3

I have two different datasets with different numbers of observations. I would like to plot two boxplots on the same graph so it's easier to make comparison. I could plot one boxplot, but that would be hard to spot any discrepancy without them side by side.

I have some fake data.

Group A
V1    V2   V3    V4     V5
6.5   2    11    0.5    6
7     1    8     0.34   8
5.4   4    7.8   0.45   5
3.4   6    9.1   0.72   5

Group B
V1    V2   V3    V4     V5
5.0   5    9     0.4    7
2     7    5.2   0.69   5
3.2   2    2.9   0.79   2
6.8   9    6.5   0.43   6
4.7   3    3.8   0.49   4
5.5   4    7.4   0.94   3

I don't know how to graph this, so I don't have an example. I'll try my best to describe the plot. I would like to plot Variable 1 for Group A and B on the same graph. So on one graph, I would have a boxplot for Group A and another boxplot for Group B filled with data from V1. So the two boxplots would be side by side. With 5 variables, I would have 5 graphs, each with 2 boxplots side by side. Please let me know if I'm not being clear. Thank you.

3

ggplot works best with "long format" data (e.g., with a column for each of value, variable, and group). You can rearrange your data as follows:

A <- read.table(text='V1    V2   V3    V4     V5
6.5   2    11    0.5    6
7     1    8     0.34   8
5.4   4    7.8   0.45   5
3.4   6    9.1   0.72   5', header=TRUE)

B <- read.table(text='V1    V2   V3    V4     V5
5.0   5    9     0.4    7
2     7    5.2   0.69   5
3.2   2    2.9   0.79   2
6.8   9    6.5   0.43   6
4.7   3    3.8   0.49   4
5.5   4    7.4   0.94   3', header=TRUE)

d <- rbind(cbind(stack(A), group='A'), cbind(stack(B), group='B'))

The first few rows look like this:

head(d)

##   values ind group
## 1    6.5  V1     A
## 2    7.0  V1     A
## 3    5.4  V1     A
## 4    3.4  V1     A
## 5    2.0  V2     A
## 6    1.0  V2     A

Now we can plot like so:

library(ggplot2)
ggplot(d, aes(group, values)) + 
  geom_boxplot() +
  facet_wrap(~ind, scales='free_y')

enter image description here

  • Exactly what I'm looking for! May I ask what facet_wrap(~ind, scales='free_y') means? – pineapple Jun 8 '16 at 6:10
  • facet_wrap separates the plots into multiple panels, and in this case we specify that we want them separated according to ind (the default name given to the variable column when we used stack. Otherwise the variables would all be pooled. And scales='free_y' allows the y-axes limits to be optimised for each panel (see ?facet_wrap). – jbaums Jun 8 '16 at 21:21
3

The solution I came up with is to combine two data.frame and also a variable indicating which groups the observation belongs to. Then, you can use melt function in reshape2 to transform the data into a data.frame ready for plotting. You can use facet_grid or facet_wrap to create separate plots for different variables. This is a way to do it:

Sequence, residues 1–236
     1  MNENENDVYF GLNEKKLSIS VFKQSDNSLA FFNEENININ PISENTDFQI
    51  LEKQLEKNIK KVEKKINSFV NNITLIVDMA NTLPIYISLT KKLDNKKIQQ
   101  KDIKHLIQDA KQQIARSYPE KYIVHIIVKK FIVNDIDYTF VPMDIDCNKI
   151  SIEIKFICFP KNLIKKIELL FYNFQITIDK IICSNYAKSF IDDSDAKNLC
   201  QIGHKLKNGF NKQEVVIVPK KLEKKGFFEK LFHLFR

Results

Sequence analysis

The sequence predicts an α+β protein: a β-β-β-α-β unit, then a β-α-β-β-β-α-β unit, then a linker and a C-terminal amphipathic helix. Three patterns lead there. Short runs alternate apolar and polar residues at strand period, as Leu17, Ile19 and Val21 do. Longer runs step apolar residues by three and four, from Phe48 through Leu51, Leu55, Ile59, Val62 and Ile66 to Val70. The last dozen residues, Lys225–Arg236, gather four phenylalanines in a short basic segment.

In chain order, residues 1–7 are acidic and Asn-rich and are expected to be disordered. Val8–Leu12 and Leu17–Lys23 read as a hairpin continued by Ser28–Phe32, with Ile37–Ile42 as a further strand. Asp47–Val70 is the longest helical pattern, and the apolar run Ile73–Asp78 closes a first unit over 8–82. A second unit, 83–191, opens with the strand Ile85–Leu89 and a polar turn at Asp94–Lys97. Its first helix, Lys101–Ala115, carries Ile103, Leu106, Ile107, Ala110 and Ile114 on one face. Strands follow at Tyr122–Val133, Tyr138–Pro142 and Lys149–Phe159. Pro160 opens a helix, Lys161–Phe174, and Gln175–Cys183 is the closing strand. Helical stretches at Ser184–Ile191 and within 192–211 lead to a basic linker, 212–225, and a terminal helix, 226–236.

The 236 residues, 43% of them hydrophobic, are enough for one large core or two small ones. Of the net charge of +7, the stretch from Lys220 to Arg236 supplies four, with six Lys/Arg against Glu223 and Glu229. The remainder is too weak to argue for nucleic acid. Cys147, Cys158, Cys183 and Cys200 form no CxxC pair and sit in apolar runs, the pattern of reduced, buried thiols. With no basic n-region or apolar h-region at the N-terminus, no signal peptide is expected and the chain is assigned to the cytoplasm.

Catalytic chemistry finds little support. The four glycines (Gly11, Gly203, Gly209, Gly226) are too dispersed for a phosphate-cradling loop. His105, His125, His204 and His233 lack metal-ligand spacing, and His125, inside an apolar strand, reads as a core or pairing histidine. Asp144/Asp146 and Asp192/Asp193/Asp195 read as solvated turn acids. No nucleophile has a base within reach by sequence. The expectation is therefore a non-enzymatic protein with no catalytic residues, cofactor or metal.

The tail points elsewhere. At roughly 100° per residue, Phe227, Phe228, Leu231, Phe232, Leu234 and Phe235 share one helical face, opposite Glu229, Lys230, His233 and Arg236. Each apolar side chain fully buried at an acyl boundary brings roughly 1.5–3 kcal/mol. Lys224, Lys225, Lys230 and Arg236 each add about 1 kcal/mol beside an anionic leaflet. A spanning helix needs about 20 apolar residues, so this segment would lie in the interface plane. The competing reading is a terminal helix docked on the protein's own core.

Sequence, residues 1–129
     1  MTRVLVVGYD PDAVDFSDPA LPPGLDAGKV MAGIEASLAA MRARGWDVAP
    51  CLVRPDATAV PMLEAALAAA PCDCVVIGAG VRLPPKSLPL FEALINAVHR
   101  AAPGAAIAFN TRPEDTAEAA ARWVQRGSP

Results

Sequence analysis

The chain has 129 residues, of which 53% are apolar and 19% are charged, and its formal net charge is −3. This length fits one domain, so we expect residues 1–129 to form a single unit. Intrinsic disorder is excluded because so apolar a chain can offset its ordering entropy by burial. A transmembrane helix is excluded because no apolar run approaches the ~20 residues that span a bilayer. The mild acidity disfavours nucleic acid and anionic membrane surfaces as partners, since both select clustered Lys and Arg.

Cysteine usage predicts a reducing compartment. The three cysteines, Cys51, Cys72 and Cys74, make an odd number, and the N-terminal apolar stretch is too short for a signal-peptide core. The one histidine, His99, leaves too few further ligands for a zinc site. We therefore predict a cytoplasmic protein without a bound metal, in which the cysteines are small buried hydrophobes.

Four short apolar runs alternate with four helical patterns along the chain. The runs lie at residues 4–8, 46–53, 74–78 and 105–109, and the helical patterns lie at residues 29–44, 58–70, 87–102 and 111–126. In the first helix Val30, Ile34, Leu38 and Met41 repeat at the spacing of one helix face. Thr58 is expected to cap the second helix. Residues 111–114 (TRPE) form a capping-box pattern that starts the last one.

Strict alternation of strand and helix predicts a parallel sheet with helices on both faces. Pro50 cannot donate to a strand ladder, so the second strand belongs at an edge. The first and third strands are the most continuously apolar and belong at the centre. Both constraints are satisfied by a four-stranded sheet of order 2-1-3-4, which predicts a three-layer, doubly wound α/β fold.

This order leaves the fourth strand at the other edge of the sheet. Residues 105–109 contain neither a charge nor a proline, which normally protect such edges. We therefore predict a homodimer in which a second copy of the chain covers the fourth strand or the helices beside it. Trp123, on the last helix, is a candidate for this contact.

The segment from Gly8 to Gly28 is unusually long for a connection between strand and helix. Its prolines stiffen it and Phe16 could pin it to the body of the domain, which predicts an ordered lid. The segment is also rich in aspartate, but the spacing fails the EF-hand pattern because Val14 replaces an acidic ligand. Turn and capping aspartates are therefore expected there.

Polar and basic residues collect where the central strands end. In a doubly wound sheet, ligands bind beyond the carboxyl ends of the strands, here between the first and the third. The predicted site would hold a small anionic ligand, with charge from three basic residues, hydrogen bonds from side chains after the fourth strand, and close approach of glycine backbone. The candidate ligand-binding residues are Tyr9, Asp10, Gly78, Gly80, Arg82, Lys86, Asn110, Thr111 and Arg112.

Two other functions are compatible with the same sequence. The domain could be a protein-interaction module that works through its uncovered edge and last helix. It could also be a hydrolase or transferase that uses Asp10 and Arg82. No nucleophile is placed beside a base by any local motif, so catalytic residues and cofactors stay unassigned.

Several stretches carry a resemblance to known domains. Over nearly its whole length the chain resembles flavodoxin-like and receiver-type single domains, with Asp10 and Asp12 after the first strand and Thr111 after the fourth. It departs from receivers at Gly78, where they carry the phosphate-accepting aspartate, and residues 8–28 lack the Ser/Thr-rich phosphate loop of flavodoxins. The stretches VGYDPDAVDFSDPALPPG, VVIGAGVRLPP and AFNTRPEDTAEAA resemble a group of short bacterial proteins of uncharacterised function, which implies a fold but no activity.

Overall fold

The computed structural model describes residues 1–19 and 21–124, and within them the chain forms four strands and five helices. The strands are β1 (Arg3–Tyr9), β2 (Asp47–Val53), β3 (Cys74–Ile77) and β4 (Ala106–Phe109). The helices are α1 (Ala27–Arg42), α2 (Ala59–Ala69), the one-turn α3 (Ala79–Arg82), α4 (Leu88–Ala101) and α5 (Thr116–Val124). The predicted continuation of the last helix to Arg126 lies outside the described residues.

library(ggplot2)
library(reshape2)

# Combine two data.frame
df <- rbind(GroupA, GroupB)

# Create variable Group
df$Group <- rep(c("A", "B"), c(dim(GroupA)[1], dim(GroupB)[1]))

# Transform to long format
df <- melt(df, "Group")

ggplot(df, aes(x=Group, y=value)) + geom_boxplot() + facet_grid(~ variable)

enter image description here

2

Assuming the names of your data sets are grpa (Group A) and grpb (Group B). First add a variable Group to each of them:

grpa$Group <-"A"

grpb$Group <-"B"

Then combine them into a single dataframe

combined <- rbind(grpa,grpb)

Then plot using ggplot like:

ggplot(combined,aes(x= factor(Group), y=V1))+geom_boxplot()

enter image description here

Label as required.

1
# Adding a variable to the dataframes Group_A & Group_B as done from pervious users
Group_A$fac <- "A"
Group_B$fac <- "B"
Group_c <- rbind(Group_A,Group_B)
df <- melt(Group_c)

#You can plot the same in bwplot from library(lattice) 

bwplot(value~fac|variable,data=df,scales=list(relation="free"),as.table=T)

enter image description here

-1
   par(mfrow=c(1,2))
   summary(A)
   summary(B)
   boxplot(A,ylim=summary(A)[[1]][1]) ##not sure about this just find where y is min
   boxplot(B,ylim=summary(B)[[1]][1]) ## still not sure
    ## adjusts the ylims in a way so that they are easy to compare you can also use boxplot(A,B) but that would make the graph look weird

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